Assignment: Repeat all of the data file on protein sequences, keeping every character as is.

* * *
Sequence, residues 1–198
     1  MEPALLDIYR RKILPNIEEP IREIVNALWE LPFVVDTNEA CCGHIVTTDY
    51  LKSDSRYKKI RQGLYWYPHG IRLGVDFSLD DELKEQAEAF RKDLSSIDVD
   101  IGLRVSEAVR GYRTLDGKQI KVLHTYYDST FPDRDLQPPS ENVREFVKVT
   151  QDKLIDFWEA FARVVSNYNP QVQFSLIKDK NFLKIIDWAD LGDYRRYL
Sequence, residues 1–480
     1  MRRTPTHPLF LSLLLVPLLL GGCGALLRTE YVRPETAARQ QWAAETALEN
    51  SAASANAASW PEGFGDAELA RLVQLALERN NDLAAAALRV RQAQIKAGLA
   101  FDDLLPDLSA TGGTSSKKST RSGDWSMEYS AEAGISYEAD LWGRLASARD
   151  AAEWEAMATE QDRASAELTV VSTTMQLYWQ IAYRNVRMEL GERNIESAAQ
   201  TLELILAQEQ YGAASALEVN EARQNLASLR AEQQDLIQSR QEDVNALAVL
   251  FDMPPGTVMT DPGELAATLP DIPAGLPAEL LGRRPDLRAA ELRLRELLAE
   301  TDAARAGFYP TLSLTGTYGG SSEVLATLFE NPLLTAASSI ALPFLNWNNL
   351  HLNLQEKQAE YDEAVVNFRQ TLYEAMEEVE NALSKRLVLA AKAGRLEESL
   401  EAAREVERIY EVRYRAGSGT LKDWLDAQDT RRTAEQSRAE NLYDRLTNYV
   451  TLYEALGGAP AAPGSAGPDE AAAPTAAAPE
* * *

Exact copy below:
Sequence, residues 1–198
     1  MEPALLDIYR RKILPNIEEP IREIVNALWE LPFVVDTNEA CCGHIVTTDY
    51  LKSDSRYKKI RQGLYWYPHG IRLGVDFSLD DELKEQAEAF RKDLSSIDVD
   101  IGLRVSEAVR GYRTLDGKQI KVLHTYYDST FPDRDLQPPS ENVREFVKVT
   151  QDKLIDFWEA FARVVSNYNP QVQFSLIKDK NFLKIIDWAD LGDYRRYL
Sequence, residues 1–480
     1  MRRTPTHPLF LSLLLVPLLL GGCGALLRTE YVRPETAARQ QWAAETALEN
    51  SAASANAASW PEGFGDAELA RLVQLALERN NDLAAAALRV RQAQIKAGLA
   101  FDDLLPDLSA TGGTSSKKST RSGDWSMEYS AEAGISYEAD LWGRLASARD
   151  AAEWEAMATE QDRASAELTV VSTTMQLYWQ IAYRNVRMEL GERNIESAAQ
   201  TLELILAQEQ YGAASALEVN EARQNLASLR AEQQDLIQSR QEDVNALAVL
   251  FDMPPGTVMT DPGELAATLP DIPAGLPAEL LGRRPDLRAA ELRLRELLAE
   301  TDAARAGFYP TLSLTGTYGG SSEVLATLFE NPLLTAASSI ALPFLNWNNL
   351  HLNLQEKQAE YDEAVVNFRQ TLYEAMEEVE NALSKRLVLA AKAGRLEESL
   401  EAAREVERIY EVRYRAGSGT LKDWLDAQDT RRTAEQSRAE NLYDRLTNYV
   451  TLYEALGGAP AAPGSAGPDE AAAPTAAAPE